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Cardiovascular Systems Releases 1-Year Results from COAST IDE Study in Late-Breaking Presentation at 2017 Cardiovascular Research Technologies Conference


Cardiovascular Systems, Inc. (CSI) (CSII), today released 1-year results from its Coronary Orbital Atherectomy System Study (COAST) in a late-breaking presentation at the 2017 Cardiovascular Research Technologies (CRT) conference in Washington, D.C.

The COAST study is CSI’s prospective, single-arm, multi-center, global IDE trial to evaluate the safety and efficacy of the company’s next-generation Micro Crown orbital atherectomy technology in treating patients with severely calcified coronary lesions. It follows the pivotal ORBIT II trial of the company’s Diamondback 360® Coronary OAS Classic Crown, which received PMA approval from the U.S. Food and Drug Administration (FDA) in 2013 as a primary treatment for severely calcified coronary arteries when facilitating stent delivery. CSI completed COAST enrollment of 100 patients, including 74 patients at 12 sites in the United States and 26 patients at five sites in Japan, in July 2015.

Dr. Samin K. Sharma, Mount Sinai Medical Center, N.Y., presented the 1-year results including freedom from major adverse cardiac events (MACE), as well as target lesion revascularization (TLR) at one year after the procedure. Additional authors on the abstract are: Dr. Shigeru Saito, Shonan Kamakura General Hospital, Kamakura, Japan; Dr. Richard A. Shlofmitz of St. Francis Hospital in Roslyn, N.Y.; and Dr. Gregg Stone, Columbia University Medical Center, N.Y.

COAST 1-year outcomes as compared to 30-day outcomes:





Freedom from MACE     85.0%     77.8%
MI (defined as CK-MB >3x ULN)     14.0%     14.0%
Non Q-wave 12.0% 12.0%
Q-wave     2.0%     2.0%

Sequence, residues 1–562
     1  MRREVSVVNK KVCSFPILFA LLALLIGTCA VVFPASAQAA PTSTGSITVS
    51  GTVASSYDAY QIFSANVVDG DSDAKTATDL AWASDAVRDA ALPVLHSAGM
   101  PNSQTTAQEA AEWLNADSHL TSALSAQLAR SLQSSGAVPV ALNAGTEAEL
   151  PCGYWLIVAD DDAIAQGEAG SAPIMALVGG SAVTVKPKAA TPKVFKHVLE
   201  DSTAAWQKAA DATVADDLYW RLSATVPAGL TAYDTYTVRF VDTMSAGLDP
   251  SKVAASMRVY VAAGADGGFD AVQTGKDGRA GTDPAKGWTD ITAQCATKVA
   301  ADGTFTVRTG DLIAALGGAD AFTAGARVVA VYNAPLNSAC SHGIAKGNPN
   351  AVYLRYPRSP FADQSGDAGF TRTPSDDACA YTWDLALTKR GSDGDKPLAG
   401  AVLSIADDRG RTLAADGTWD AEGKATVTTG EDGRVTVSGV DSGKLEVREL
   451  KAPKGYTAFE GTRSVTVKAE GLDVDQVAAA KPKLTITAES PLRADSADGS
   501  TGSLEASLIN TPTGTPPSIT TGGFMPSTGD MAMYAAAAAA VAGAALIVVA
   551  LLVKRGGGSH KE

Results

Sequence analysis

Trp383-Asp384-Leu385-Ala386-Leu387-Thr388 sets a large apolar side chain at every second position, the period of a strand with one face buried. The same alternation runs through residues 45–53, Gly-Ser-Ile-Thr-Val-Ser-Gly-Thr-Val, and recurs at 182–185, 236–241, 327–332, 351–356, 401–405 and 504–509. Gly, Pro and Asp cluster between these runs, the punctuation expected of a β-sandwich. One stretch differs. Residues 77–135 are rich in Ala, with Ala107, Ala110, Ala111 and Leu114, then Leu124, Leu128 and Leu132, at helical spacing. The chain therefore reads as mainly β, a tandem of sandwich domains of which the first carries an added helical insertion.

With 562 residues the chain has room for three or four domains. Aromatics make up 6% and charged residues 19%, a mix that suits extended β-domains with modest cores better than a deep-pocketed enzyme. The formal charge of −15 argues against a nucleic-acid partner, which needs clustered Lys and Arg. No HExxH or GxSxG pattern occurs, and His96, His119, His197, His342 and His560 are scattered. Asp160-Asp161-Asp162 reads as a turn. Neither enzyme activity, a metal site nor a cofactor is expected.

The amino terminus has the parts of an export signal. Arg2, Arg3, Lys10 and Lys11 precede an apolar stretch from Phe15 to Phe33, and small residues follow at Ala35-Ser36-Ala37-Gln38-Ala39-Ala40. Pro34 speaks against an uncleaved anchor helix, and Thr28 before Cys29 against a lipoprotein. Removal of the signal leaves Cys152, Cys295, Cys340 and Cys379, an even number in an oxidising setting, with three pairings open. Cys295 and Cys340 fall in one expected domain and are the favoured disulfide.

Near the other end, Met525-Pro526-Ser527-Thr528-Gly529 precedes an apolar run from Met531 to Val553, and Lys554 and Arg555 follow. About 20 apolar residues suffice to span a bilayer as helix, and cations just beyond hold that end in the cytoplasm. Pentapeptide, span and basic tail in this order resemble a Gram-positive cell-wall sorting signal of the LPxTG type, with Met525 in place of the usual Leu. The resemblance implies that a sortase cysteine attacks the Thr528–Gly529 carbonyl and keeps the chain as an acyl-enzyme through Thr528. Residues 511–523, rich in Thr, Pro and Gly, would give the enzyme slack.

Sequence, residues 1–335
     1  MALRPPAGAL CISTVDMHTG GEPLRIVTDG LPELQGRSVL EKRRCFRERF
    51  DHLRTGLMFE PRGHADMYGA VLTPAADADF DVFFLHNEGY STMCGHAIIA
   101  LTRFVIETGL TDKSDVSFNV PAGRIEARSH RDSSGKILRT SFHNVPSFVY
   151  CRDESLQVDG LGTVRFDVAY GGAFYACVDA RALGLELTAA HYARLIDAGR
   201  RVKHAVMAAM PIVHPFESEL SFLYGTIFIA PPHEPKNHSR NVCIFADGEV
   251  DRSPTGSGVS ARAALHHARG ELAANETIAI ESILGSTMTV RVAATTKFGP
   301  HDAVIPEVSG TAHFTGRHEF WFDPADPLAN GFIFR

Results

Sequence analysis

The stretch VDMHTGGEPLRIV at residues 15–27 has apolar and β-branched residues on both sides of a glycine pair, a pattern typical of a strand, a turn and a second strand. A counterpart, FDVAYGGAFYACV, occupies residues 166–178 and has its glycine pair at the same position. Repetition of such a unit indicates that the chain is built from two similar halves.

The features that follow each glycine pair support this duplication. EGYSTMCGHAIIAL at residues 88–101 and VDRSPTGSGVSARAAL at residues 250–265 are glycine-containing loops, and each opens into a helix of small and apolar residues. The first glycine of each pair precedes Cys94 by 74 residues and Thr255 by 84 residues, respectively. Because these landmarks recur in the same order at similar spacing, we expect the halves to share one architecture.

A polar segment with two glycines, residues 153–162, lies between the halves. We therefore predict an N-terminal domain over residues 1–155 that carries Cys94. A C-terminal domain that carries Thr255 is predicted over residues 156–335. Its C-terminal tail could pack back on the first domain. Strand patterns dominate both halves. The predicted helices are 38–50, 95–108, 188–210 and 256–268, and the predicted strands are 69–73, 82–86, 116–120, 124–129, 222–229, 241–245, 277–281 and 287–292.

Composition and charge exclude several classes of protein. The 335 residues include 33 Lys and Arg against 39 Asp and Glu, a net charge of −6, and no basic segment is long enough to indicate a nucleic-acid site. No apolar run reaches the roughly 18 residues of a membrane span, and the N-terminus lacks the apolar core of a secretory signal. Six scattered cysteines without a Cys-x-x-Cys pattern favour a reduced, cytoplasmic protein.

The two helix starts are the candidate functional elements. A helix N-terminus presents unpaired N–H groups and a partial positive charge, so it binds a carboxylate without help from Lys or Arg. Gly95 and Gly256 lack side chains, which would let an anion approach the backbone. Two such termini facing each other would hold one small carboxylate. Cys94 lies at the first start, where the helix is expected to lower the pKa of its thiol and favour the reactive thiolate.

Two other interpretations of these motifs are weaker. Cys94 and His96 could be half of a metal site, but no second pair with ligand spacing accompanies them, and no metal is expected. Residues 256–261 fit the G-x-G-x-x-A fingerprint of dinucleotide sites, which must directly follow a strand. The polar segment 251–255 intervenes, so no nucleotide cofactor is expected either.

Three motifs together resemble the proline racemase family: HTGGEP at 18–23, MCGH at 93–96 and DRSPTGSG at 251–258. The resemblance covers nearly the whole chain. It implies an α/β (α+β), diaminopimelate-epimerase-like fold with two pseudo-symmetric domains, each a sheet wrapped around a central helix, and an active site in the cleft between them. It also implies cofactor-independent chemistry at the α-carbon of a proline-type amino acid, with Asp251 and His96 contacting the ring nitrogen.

Target Vessel/Lesion Revascularization 1.0% 9.4%
TLR     1.0%     6.3%
Cardiac Death     1.0%     1.0%

“Incidence of severe coronary arterial calcium is significant and underappreciated,” said Dr. Sharma. “These 1-year results from the COAST IDE Study resulted in 77.8% freedom from 1-year MACE, therefore concluding that the Diamondback 360° Coronary OAS Micro Crown technology may address this unmet treatment need for this difficult to treat population.”

Said Scott Ward, CSI chairman and chief executive officer, “We look forward to seeing how this 1-year COAST data will further impact the treatment of patients with severe coronary arterial calcium. It is important and necessary as we continue to seek device approval in the U.S. and Japan.”

More information about the study design is available at www.ClinicalTrials.gov; identifier: NCT02132611.

About Coronary Artery Disease (CAD)
CAD is a life-threatening condition and a leading cause of death in men and women in the United States. CAD occurs when a fatty material called plaque builds up on the walls of arteries that supply blood to the heart. The plaque buildup causes the arteries to harden and narrow (atherosclerosis), reducing blood flow. The risk of CAD increases if a person has one or more of the following: high blood pressure, abnormal cholesterol levels, diabetes, or family history of early heart disease. According to the American Heart Association, 16.3 million people in the United States have been diagnosed with CAD, the most common form of heart disease. Heart disease claims more than 600,000 lives in the United States each year. According to estimates, significant arterial calcium is present in nearly 40% of patients undergoing a percutaneous coronary intervention (PCI). Significant calcium contributes to poor outcomes and higher treatment costs in coronary interventions when traditional therapies are used, including a significantly higher occurrence of death and major adverse cardiac events (MACE).

About Cardiovascular Systems, Inc.
Cardiovascular Systems, Inc., based in St. Paul, Minn., is a medical device company focused on developing and commercializing innovative solutions for treating vascular and coronary disease. The company’s Orbital Atherectomy Systems treat calcified and fibrotic plaque in arterial vessels throughout the leg and heart in a few minutes of treatment time, and address many of the limitations associated with existing surgical, catheter and pharmacological treatment alternatives. The U.S. FDA granted the first 510(k) clearance for the use of the Orbital Atherectomy System in peripheral arteries in August 2007. In October 2013, the company received FDA approval for the Coronary Orbital Atherectomy System. To date, over 290,000 of CSI’s devices have been sold to leading institutions across the United States. The Coronary OAS Micro Crown is limited by federal law to investigational use and is currently not commercially available in the United States.

For more information, visit the company’s website at www.csi360.com.

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